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110                                   VilBDICT  ON  INDIA
If you tzk the average European where you can see some
picUireb he ^nll, firstly, direct you to the nearest cinema^ and then
with a hearty laugh, to the red light district.
If you apply to the Indian intelligentsia they will say 'Ah!
3Ir. A has several pictures by ilr. B in his house. He will be
delighted to show them to you. His house is only 200 miles
away, and soon he will ask you to tea.9
li you proceed to make inquiries about Mr. B's pictures you will
find that nobody else has ever heard of them.
Then, by chance, you run into some fellow eccentric who likes
looking at modern pictures.   You bombard him with questions.
to Tshich the invariable reply is a weary negative.
fcBut there must be some collections ?*
"There aren't.'
fc There  noist  be some studios—personalities—private stuff ?'
* There must be some critics—magazines—study circles? *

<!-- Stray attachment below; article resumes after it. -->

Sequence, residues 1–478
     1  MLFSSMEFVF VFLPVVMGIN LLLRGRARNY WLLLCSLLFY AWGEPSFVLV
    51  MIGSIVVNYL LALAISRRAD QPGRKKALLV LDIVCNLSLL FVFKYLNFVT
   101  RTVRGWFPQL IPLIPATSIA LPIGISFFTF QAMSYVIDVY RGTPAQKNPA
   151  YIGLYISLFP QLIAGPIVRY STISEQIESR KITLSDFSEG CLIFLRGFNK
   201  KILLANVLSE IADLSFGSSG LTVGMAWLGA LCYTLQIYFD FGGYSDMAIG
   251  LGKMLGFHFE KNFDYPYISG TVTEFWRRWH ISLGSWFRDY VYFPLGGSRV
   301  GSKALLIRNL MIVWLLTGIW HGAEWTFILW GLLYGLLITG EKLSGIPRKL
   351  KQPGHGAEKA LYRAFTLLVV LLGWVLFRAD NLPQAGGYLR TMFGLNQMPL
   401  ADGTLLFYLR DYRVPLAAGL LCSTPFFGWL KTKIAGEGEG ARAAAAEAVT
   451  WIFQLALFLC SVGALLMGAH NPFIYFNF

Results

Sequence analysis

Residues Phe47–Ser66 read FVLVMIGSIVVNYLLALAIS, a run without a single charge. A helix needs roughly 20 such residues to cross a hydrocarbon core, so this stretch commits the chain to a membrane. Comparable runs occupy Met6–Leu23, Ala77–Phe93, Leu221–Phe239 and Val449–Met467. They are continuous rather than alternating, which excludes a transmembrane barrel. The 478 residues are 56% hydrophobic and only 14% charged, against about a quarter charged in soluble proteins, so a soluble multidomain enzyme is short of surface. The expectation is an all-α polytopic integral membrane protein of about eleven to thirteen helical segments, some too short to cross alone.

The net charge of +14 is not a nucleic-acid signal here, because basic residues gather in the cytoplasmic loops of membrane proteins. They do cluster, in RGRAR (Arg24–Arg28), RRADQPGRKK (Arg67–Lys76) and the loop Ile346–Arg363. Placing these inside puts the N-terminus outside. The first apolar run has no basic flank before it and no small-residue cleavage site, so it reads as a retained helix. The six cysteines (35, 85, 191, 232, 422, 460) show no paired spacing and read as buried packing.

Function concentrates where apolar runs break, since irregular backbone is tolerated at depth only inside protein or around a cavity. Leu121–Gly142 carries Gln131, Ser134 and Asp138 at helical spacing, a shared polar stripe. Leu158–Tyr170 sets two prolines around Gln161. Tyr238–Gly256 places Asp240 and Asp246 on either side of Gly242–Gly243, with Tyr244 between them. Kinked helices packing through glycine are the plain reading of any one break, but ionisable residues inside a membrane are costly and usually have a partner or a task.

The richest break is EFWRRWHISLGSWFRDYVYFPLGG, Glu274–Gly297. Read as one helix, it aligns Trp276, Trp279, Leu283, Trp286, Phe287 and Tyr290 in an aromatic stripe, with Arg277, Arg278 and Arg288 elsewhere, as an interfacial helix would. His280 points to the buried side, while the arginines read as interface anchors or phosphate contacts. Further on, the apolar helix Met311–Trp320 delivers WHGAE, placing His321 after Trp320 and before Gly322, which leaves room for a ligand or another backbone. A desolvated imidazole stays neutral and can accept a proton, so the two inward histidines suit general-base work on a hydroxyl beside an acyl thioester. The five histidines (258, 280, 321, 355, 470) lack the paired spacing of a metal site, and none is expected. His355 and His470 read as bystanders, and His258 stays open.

Seeing your insistence, however, he will make one admission.
* There is the Bombay Art Society/                                          ~"
Having exhausted so many expletives in describing the archi-
tecture of Bombay we will not weary the reader by describing
the products of Bombay's Art Society ; it ii> sufficient to state that
in. no other country in the world would they be given wall space.
However, as we swiftly draw a veil over these depressing daubs
we observe that they fall, roughly into two classes.
The first, and by far the largest class, consists in a series of
slavish imitations of the Ajanta frescoes1 and the Moghui2 and
Rajput schools.8
1 The Ajanta caves were carved from the solid rock of a mountainside in Hydera-
bad btate.   Ibeir original purpose was to Louse Buddhist monks.   Begun irTabout
200 B.C. the frescoes uhieh adorn their walls reached their highest pitch of per-
iection in the filth century.   Ihey are incomparably the richest artistic inheritance
in hidia, and it is interesting to note that if it had not been for the British they would
probably have been lost for ever.    Alter centuries of neglect, in which they nearly
perisLcct, seine British soldiers stumbled on them m the year 1819, cleared out the
tribesmen who verc using them a<* cattle-sheds, and reported their existence to the
British authorities, who were just in time to save them from destruction.
2 A.D. I55U to 1SGO.   Coinciding with the period of the Moghui dynasty.   Princi-
pally nota ble for its portraits in miniature.
* A*D. 1550 to ItJCO. Lssentially Hindu in expression. Emanating from two large
areas of Northern India, Bajputana and the Punjab Himalaya.